Better Oblivion Community Center
Better Oblivion Community Center
Two kingpins of heart-on-sleeve sadness, Phoebe Bridgers and Conor Oberst, teamed up to create an expectedly emotive assessment of the human condition as part of Better Oblivion Community Center.
Packed with astute and insightful lyricism, the album is a wonderful blend of Oberst’s world-weary observations and Bridgers’ talent for relatable specificity. The album unites the duo’s disparate experiences through a mutual reckoning with anxiety, frustration and the difficulties of life not panning out how it was meant.
Largely, Better Oblivion Community Center makes for a dreamy excursion, cradling the listener through beautiful harmonies, acoustic guitars, warm production and slow pacing. Behind the pleasant haze lies powerful narratives and eventual acceptance that “if you’re not feeling ready / there’s always tomorrow”.
Cuz I Love You
Queen Lizzo. With smash hit records, viral lyric as memes, self-love declarations, headline-grabbing tweets, flute solos, sold out shows and energy that swallowed all criticism, Melissa Jefferson’s third album was bursting at the seams with encapsulations of all of the above in one juicy package.
Cuz I Love You correctly operates on the assumption that, by and large, genre is dead. Lizzo expertly delves into the world of soul, pop, funk and even a hint of gospel to offer a truly eclectic album for the masses. Above all, Cuz I Love You is so much fun. It’s certainly carried in part by the strength of Lizzo’s personality, but the quality in the tunes is there in spades to back that persona up.
Mango x Mathman
Mango X Mathman have worked with one another for nearly a decade now, dating back to cult group The Animators in the earlier part of the ’10s. So there’s plenty of experience between them to draw from. This is one of Casual Work’s most redeeming qualities. It’s not even some intangible chemistry the pair share (though this is certainly true), it’s the narrative and emotional scope of the project.
Casual Work plays like a journey through the pair’s lives over the past 4 or 5 years, the highs and the lows, no Instagram highlights. Some, myself included, may have been expecting an album chocablock with bangers like ‘No Surrender FM’, instead the duo opt for a nuanced telling of what Mango described as the second growing up every young man has to do, with Dublin city in all its forms as a backdrop.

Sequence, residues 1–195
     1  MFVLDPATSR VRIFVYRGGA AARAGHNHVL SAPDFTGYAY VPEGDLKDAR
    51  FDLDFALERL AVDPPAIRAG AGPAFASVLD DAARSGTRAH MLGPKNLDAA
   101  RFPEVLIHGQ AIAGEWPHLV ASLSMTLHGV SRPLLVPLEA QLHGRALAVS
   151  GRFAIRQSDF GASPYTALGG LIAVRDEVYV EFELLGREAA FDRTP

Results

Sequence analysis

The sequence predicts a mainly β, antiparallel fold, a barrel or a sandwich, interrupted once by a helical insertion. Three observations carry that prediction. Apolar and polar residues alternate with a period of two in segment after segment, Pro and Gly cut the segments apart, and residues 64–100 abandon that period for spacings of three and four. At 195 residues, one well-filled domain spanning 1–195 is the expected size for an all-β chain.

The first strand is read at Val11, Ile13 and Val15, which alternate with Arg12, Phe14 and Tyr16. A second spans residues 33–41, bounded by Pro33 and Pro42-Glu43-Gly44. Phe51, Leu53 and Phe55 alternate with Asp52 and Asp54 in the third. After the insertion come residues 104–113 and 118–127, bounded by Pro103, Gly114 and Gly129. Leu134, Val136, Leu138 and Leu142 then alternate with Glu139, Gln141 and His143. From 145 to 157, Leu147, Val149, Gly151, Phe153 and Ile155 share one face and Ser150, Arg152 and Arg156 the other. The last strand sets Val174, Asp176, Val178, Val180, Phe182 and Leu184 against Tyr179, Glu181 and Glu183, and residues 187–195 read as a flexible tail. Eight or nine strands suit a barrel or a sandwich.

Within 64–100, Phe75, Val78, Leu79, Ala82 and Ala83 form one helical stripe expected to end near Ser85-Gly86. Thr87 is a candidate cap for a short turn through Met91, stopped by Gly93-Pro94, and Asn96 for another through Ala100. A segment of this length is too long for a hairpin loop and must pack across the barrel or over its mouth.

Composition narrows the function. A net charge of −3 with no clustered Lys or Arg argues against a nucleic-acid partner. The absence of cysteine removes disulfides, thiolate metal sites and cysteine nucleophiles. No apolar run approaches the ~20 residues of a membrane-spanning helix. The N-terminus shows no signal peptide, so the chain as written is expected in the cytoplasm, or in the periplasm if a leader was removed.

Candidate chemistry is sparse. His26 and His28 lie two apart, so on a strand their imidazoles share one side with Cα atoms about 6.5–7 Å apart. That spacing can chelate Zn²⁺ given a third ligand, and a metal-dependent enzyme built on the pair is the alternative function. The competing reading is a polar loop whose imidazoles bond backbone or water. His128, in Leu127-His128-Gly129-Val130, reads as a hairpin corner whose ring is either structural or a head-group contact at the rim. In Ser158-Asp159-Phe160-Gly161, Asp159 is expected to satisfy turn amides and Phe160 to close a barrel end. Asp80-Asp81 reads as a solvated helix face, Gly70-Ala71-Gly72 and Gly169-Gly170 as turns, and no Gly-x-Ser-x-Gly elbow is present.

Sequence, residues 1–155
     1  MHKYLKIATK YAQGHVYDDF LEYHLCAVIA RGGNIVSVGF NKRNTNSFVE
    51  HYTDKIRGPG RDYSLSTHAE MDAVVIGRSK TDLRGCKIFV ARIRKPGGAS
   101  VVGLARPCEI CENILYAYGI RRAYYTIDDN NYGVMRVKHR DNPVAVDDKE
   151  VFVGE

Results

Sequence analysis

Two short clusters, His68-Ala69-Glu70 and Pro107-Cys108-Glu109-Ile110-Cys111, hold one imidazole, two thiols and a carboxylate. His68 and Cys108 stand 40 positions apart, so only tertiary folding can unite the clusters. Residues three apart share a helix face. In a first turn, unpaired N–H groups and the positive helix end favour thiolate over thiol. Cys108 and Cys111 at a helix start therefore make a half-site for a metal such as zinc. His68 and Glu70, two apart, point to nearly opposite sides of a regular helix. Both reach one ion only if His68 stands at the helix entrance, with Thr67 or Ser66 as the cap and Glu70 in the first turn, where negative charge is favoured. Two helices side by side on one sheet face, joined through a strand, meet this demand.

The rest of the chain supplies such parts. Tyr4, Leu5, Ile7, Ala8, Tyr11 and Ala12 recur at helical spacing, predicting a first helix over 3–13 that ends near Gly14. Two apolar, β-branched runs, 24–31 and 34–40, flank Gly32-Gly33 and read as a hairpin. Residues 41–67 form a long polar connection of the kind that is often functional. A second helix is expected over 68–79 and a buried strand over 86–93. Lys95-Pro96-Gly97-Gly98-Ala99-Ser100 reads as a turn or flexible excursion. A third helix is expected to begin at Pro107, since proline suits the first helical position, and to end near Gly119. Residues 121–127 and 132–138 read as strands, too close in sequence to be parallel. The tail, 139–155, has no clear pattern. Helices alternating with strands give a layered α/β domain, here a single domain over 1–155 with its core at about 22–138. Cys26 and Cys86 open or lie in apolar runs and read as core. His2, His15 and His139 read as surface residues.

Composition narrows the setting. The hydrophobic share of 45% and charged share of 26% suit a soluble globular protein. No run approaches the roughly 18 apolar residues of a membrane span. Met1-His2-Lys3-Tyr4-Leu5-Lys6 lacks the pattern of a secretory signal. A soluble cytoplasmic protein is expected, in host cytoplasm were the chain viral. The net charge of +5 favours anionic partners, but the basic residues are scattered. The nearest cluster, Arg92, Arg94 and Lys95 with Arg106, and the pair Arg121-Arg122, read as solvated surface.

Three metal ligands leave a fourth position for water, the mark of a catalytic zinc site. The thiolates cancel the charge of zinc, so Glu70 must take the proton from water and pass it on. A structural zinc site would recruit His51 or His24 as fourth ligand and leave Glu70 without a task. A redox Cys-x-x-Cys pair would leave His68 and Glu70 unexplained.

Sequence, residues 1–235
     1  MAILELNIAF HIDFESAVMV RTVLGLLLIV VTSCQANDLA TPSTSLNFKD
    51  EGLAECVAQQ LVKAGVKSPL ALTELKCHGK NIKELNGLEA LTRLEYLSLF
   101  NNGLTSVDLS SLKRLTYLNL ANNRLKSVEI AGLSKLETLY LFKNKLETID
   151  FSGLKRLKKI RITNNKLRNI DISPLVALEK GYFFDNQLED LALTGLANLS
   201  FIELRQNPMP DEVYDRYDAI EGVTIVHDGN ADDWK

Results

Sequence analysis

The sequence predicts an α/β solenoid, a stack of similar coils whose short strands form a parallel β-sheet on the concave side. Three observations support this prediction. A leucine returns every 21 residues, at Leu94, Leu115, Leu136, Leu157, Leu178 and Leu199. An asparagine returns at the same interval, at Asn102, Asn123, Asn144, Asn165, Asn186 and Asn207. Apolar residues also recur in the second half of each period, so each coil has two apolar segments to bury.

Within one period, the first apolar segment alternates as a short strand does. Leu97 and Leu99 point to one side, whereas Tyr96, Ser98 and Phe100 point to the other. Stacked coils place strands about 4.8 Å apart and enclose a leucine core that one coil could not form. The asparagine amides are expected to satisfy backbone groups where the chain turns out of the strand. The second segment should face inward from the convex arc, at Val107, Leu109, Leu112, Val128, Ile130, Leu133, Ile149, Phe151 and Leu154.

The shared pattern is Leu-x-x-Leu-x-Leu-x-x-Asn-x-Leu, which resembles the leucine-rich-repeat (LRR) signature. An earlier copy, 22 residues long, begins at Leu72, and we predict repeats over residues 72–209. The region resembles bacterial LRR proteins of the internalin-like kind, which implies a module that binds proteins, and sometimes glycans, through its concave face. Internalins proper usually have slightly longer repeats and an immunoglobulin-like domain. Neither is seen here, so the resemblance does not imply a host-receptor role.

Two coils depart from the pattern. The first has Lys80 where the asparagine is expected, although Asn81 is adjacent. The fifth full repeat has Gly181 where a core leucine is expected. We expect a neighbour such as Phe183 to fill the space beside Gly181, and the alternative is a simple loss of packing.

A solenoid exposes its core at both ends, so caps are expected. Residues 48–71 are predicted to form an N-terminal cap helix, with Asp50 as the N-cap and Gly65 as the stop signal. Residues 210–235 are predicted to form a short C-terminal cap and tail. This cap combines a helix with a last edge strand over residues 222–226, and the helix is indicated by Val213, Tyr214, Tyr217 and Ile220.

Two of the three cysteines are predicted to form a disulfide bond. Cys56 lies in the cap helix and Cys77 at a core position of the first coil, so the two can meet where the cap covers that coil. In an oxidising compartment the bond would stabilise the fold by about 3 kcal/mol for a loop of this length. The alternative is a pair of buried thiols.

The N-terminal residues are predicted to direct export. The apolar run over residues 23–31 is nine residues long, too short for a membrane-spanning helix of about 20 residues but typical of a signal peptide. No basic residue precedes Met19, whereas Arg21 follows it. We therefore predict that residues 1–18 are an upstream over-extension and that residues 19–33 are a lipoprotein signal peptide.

American artist Weyes Blood’s fourth full length album Titanic Rising is the very best that cinematic indie had to offer in 2019. Go ahead and try to tell me you’ve heard better synths than on ‘Andromeda’ or ‘Movies’.
There’s so much more to Titanic Rising than just one sound or idea. This multifaceted record is immersive, a truly worldbuilding 40 minutes. On this record, Natalie Mering exists in a sort of half time slow motion. Life is going on all around you but it’s bathed in soft-focus and warm lighting. You spot the skeleton of a country song wandering underneath the rest of the arrangement, sometimes there’s a Stevie Nicks resonance to the vocals, but it’s all secondary to the movie that’s playing in your headphones.
A feeling more than a sound. 40 minutes passes and the Earth starts spinning at its normal tempo once again.
Ignorance Is Bliss
A Grime veteran reckons with fatherhood and the responsibility of adulthood on Ignorance Is Bliss.
That Skepta is a master of his craft is news to exactly no one. ‘Bullet From A Gun’, ‘Greaze Mode’ and ‘Love Me Not’ offer bars and flows from one of the best to ever pick up a mic. While the album doesn’t tread new sonic and conceptual ground, like its predecessor Konnichiwa, the measured influence of fatherhood and maturity provide some of the most compelling on the new album. Check out ‘No Sleep’ for clearest reference.
In the heart of the summer, Florist dropped one of the most ‘acoustic guitar and a cabin in the woods’ albums of the year. For Emily Alone, Emily Sprague left her band behind to create a solo album full of intricacies and diary entries. After spending time working on modular ambient compositions, the album sees Sprague applying the spatial openness and solitude of her electronic work to the world of folk music. A release filled with gentle tension, Sprague alternates between melancholic ruminations on death and isolation and earthy, melodic spring songs.
Reckoning with the death of her mother in 2017, Emily Alone turns to nature for answers and metaphors. ‘Ocean Arms’ contains some of the most shattering lyrics of the album – reflecting upon the loss of a parent and the parental role as a part of the natural world. When Sprague gently croons “you were not the final form / you were not the ocean’s arms”, it’s simple but heartbreaking. It’s close to impossible to discern whether nature is providing solace or heartache throughout Emily Alone and the truth appears too complex to understand from the outside. What can be understood, however, is that Florist has crafted an album that leaves its mark long after it’s over and is undoubtedly the best work of Sprague’s career.